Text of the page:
Walter Muenscher, Ph.D. ’21, Botany

Walter Muenscher
Walter Muenscher, courtesy of bhort.bh.cornell.edu

English professors’ houses are full of books, and visual arts professors’ homes tend to be tastefully decorated. Similarly, Walter Muenscher, a botanist at Cornell, liked to fill his living space with the objects of his study. Unfortunately for his neighborhood beautification committee, Muenscher’s work had earned him the reverential moniker, “Wizard of Weeds”.

Even if the neighbors did grouse, Muenscher probably didn’t let it get to him. Despite his appearance as a mild-mannered botany professor, he was tough: he had survived the Spanish flu epidemic as well as a deadly landslide. Born in Germany, he had come to the United States as a young child. After moving around farmsteads in the West, the family eventually settled in Washington.

After receiving his undergraduate degree at Washington State and his master’s degree at the University of Nebraska, Muenscher kept going eastward, to Ithaca. After finishing his doctoral work, he joined the faculty at Cornell in 1923. In addition to “Weeds,” the textbook that earned him his nickname, he also wrote “Keys to Woody Plants and Poisonous Plants of the United States”.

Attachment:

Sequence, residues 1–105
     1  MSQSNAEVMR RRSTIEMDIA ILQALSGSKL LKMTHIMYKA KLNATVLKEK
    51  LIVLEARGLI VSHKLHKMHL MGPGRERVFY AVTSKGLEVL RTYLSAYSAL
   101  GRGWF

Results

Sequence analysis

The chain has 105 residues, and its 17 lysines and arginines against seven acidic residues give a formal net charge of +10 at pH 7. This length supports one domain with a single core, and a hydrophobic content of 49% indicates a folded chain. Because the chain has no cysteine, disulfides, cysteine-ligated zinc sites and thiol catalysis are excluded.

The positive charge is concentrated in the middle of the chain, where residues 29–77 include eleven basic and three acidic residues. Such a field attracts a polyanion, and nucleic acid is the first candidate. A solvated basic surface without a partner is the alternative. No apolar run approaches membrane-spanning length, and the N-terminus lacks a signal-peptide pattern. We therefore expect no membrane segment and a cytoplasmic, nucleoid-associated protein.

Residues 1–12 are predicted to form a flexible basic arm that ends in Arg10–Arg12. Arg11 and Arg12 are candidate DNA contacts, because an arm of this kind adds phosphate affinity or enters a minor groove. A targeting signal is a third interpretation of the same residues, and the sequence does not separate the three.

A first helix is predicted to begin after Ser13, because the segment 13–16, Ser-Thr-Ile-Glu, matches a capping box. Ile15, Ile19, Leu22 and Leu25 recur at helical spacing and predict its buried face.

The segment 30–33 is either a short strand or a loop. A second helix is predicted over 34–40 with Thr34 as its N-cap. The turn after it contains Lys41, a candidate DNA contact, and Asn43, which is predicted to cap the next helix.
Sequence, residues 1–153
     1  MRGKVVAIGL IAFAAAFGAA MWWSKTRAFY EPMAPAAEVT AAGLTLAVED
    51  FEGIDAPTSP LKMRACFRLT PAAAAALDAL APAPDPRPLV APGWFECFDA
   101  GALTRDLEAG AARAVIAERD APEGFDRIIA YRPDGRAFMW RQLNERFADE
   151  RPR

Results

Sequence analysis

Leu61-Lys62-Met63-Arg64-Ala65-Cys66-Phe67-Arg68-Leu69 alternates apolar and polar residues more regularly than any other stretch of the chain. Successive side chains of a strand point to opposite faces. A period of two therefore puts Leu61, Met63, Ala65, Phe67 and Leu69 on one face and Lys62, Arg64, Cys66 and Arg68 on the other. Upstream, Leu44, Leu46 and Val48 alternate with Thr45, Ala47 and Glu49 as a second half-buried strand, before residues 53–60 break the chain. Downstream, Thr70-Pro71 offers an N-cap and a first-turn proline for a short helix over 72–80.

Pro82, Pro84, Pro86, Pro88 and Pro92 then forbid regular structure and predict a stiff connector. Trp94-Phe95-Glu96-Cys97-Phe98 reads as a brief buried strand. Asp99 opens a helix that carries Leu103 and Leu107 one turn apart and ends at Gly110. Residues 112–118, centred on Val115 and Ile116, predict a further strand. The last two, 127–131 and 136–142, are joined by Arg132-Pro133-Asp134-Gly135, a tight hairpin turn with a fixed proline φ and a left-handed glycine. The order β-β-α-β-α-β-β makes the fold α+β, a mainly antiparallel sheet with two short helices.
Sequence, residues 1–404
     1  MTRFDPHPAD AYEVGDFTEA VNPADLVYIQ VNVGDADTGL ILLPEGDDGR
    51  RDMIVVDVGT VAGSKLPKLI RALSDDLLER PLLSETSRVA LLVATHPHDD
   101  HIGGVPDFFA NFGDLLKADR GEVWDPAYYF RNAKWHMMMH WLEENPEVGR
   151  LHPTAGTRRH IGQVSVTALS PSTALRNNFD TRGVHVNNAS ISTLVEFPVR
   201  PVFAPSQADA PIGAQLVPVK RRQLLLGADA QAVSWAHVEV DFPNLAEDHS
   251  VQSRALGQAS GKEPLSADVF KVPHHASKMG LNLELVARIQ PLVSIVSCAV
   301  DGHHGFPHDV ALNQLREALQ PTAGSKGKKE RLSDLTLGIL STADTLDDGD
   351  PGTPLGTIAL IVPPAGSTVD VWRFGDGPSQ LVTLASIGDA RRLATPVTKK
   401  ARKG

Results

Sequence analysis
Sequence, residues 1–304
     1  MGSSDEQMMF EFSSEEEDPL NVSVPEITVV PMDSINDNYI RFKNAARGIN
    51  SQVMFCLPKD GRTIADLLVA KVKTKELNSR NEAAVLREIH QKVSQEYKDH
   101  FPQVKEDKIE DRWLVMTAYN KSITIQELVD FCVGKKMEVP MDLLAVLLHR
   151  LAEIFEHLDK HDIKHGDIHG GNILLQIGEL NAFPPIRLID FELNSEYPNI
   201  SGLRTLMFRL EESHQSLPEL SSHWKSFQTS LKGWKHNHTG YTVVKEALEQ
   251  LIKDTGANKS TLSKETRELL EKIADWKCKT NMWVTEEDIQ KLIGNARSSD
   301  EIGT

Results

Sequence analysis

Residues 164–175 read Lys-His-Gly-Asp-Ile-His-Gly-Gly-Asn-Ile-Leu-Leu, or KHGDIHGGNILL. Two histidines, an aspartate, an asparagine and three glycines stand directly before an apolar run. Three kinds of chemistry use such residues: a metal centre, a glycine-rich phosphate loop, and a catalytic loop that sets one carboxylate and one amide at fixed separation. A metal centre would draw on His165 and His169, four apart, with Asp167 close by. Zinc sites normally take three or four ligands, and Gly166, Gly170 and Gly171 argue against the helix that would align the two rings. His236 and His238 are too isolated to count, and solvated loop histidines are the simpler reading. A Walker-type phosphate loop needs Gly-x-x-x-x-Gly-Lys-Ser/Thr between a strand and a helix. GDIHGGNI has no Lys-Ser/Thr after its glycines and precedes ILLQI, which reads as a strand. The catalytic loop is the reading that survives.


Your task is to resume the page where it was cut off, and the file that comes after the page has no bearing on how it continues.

In addition to his research, Muenscher was also an advocate for the preservation of the habitats of the plants he so loved. He spent a great deal of time researching the flora in Bergen Swamp, near Rochester, and was a strong voice for the wetlands’ conservation.

Despite having put down roots in upstate New York, Muenscher never forgot the woods where he played as a boy and first learned to love the natural world. In 1941, decades after he’d left Washington, he published “The Flora of Whatcom County, State of Washington.